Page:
BLOOMSBURY £12.99 (230pp). £11.99 (free p&p) from 0870 079 8897

Send in the Idiots, by Kamran Nazeer

Fools rush in and put things in order

To all appearances, Kamran Nazeer is a confident young man to whom success has come easily. Having spent his childhood in America and Scotland, he took a doctorate at Cambridge, lived in Pakistan and Saudi Arabia, and has now become a high-powered Whitehall civil servant. He is also a talented and combative journalist, specialising in analyses of Muslim experience that combine local knowledge with cosmopolitan scepticism. A couple of years ago he set up a series of meetings with some people he was at school with in New York City in the early 1980s, and the resulting conversations are the basis of a subtle, well-written and thought-provoking book which reminds us that things are not always as they seem.

The school he attended between the ages of four and seven was a private institution dedicated to the education of children who had been diagnosed as autistic. The concept of autism was quite new at the time, and it focused attention on a neglected group of children - perhaps one in a thousand, with boys outnumbering girls by three to one - who typically exhibit a pathological incapacity for communication and imaginative play. There is a common belief that autistic children are all geniuses at heart - budding Wittgensteins and Bobby Fischers - but the truth is that they are not abnormally intelligent, merely obsessive and desperately insecure. Many of them will develop remarkable, if useless, skills, like being able to recite hundreds of prime numbers, but most will remain withdrawn and exceedingly irritable, and few will have much prospect of a rounded, independent and productive life.

When he entered his special school in New York, the four-year-old Kamran Nazeer could not speak a word and refused to pay attention to others, but he was expert at arranging toys, and seeing patterns in carpet pile. His fellow pupils were much the same. Children were greeted with hand-shakes and sustained eye-contact, and made to take part in activities involving negotiation or co-operation, though they often ended up fighting.

Travelling around America to meet his old schoolfriends 20 years on, Nazeer discovers that their early schooling has stood them in good stead. One of them is forging a career as a political speech-writer, though he does not get out much, and cannot feel comfortable in a strange house until has done some tidying or mending, or at least put some books in alphabetical order. Another is working as a bicycle courier, and prides himself on being able to negotiate the city at speed with his eyes closed; on the other hand he has difficulty with a boyfriend who treats him as a misunderstood genius. A third is a pioneering computer scientist, who gets round his sociophobia by carrying a puppet and ventriloquizing the words that would otherwise be too difficult to say.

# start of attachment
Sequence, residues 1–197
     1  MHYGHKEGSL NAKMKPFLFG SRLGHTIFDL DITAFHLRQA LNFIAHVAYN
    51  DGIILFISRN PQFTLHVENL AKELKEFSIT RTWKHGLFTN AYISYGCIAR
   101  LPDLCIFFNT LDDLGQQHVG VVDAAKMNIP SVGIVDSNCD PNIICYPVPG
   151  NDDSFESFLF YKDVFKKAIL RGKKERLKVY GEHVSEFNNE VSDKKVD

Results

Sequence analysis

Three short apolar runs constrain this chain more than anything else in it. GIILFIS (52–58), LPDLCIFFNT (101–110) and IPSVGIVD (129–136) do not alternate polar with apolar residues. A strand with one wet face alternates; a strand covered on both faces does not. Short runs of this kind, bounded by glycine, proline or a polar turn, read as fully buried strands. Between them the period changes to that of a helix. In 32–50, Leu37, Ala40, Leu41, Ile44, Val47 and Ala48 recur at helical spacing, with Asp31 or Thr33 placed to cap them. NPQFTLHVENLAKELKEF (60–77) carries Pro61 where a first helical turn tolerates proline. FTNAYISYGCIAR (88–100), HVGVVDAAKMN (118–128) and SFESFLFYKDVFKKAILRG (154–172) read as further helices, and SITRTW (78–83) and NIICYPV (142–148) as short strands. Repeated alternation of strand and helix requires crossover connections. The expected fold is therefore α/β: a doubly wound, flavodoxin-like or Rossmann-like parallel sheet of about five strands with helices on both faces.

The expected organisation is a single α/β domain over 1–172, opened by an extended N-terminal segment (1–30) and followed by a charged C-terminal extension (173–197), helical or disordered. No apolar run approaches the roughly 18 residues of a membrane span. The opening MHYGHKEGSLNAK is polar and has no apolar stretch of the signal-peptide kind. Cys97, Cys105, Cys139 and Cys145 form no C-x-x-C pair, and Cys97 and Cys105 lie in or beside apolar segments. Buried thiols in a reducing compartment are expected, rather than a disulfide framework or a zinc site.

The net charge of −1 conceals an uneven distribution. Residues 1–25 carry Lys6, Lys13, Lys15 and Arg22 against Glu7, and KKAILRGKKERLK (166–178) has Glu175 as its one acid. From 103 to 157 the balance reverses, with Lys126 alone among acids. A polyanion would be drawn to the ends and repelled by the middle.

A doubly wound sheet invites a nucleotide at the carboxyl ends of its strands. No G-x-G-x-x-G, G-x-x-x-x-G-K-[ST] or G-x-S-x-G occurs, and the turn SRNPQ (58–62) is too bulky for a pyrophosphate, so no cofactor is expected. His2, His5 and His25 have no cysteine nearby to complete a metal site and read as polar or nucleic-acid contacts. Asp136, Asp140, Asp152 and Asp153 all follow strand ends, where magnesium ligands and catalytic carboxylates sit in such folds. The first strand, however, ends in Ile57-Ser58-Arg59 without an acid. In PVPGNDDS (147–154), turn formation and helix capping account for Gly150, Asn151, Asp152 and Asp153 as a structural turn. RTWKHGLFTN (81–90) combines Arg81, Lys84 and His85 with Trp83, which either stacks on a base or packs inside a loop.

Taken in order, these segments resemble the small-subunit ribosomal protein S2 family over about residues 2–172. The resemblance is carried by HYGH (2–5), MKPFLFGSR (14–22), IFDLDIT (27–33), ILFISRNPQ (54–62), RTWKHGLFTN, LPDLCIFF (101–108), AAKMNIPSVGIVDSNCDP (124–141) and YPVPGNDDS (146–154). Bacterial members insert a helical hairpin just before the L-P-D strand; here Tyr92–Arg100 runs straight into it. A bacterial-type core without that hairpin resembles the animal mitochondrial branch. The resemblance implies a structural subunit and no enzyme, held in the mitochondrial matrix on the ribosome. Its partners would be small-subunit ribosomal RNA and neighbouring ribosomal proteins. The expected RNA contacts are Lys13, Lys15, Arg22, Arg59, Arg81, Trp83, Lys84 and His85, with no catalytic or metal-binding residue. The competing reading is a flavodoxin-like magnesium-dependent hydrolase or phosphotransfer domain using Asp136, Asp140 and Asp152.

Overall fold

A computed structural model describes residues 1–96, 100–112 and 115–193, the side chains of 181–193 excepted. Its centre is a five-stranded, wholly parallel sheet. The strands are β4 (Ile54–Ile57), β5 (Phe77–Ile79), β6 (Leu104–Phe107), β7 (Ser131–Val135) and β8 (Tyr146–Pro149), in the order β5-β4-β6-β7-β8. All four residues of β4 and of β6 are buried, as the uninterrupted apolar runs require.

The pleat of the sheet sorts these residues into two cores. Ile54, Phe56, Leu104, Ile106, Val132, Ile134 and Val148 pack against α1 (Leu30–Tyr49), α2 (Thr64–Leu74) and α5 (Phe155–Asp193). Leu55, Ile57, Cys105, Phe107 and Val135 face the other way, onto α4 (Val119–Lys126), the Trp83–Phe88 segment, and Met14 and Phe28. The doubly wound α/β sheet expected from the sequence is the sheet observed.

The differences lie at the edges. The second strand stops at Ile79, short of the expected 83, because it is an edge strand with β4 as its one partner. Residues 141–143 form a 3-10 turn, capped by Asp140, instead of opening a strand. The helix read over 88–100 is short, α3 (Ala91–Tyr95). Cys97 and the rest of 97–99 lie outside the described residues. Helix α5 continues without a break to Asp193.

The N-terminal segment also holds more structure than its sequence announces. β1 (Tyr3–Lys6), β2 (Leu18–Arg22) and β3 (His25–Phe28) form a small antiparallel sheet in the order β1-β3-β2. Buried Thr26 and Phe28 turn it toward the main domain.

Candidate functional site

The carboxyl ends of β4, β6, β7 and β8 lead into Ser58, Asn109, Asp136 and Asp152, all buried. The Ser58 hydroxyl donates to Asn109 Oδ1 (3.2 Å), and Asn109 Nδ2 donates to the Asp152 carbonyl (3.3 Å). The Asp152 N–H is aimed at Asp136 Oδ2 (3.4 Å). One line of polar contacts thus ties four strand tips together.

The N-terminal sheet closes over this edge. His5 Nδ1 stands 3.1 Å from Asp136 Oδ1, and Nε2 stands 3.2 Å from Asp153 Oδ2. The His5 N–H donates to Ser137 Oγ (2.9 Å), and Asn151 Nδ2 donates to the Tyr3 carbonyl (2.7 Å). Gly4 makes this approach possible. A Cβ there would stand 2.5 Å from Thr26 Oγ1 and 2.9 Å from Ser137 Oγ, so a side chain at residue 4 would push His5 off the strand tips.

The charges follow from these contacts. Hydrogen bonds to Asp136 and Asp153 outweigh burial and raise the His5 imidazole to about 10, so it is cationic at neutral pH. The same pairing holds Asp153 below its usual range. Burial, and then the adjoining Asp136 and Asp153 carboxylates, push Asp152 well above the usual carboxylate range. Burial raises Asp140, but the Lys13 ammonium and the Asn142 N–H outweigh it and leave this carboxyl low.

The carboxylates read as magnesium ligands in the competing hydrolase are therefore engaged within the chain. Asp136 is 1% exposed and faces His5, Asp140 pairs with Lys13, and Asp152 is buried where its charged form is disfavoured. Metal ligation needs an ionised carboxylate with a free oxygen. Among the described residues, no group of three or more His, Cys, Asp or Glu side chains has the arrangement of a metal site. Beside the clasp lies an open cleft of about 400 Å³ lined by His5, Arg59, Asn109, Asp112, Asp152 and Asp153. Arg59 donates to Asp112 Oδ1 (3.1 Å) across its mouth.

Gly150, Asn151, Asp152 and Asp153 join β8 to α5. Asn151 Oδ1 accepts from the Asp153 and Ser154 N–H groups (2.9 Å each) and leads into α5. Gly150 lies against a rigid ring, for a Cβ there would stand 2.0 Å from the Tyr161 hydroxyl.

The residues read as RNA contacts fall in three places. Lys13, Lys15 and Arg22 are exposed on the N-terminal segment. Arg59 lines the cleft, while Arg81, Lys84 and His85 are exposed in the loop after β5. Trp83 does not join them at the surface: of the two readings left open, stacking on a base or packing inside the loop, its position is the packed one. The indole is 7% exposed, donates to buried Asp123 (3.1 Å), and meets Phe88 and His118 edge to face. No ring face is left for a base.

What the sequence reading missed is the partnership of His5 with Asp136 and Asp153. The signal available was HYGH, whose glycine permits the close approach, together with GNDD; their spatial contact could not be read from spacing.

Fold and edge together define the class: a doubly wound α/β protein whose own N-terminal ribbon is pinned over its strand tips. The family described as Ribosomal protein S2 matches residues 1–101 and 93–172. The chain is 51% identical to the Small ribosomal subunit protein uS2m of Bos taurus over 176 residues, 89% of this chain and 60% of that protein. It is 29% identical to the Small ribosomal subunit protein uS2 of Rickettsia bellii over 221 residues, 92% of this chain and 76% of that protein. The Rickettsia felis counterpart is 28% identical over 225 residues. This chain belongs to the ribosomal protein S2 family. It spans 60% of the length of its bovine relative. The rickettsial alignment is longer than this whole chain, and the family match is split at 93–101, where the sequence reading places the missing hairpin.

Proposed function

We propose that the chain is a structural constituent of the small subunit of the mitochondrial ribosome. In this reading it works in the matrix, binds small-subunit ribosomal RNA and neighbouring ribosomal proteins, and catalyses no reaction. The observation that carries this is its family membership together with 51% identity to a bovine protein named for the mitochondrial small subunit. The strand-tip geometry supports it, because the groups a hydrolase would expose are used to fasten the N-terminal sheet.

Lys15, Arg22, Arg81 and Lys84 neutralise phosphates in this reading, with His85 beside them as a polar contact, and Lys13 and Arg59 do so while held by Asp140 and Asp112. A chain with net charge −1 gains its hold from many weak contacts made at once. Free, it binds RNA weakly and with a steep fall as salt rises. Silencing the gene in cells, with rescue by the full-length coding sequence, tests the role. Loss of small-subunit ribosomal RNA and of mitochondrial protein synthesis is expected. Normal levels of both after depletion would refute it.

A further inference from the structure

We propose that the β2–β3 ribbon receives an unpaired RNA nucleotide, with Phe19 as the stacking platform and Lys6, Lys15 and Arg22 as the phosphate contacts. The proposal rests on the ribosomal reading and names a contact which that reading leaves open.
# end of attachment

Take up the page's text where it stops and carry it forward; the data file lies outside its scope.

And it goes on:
In writing about his friends, Nazeer gives away a lot about himself. He feels at home with well-planned logical arguments, but has to steel himself for open-ended conversations: talking to strangers, he says, is "the autistic person's version of extreme sports". He avoids answering the phone, is very particular about how he takes a shower, and never goes out without a crocodile clip to play with when the going gets tough. It costs him a lot of inner effort to lead his outwardly normal life.

According to one theory, autism is caused by "mind-blindness", or an inability to recognise that one is not the centre of the universe and that other people have thoughts and feelings. Nazeer will have none of this. Autistic people simply have exceptional difficulty dealing with the chaos and unpredictability of the world, and for that reason they have to develop little routines that generate havens of "local coherence" where they can feel at home. The teachers in that little school in New York knew how to nurture these havens - until funding ran out and it closed.

Jonathan Ree's 'I See a Voice' is published by Flamingo

Arts and Entertainment
Victoria Wood, Kayvan Novak, Alexa Chung, Chris Moyles
tvReview: No soggy bottoms, but plenty of other baking disasters on The Great Comic Relief Bake Off
Arts and Entertainment
80s trailblazer: comedian Tracey Ullman
tv
Arts and Entertainment
Stephen Tompkinson is back as DCI Banks
tvReview: Episode one of the new series played it safe, but at least this drama has a winning formula
Arts and Entertainment
TV
News
Graham Norton said Irish broadcaster RTE’s decision to settle was ‘moronic’
TV
Arts and Entertainment
Attenborough with the primates
tv
Arts and Entertainment
Former Communards frontman Jimmy Somerville
music
Have you tried new the Independent Digital Edition apps?
Arts and Entertainment

ebooksNow available in paperback
Arts and Entertainment

ebooks
Arts and Entertainment
Secrets of JK Rowling's Harry Potter workings have been revealed in a new bibliography
arts + ents
Arts and Entertainment
Fearne Cotton is leaving Radio 1 after a decade
radio The popular DJ is leaving for 'family and new adventures'
Arts and Entertainment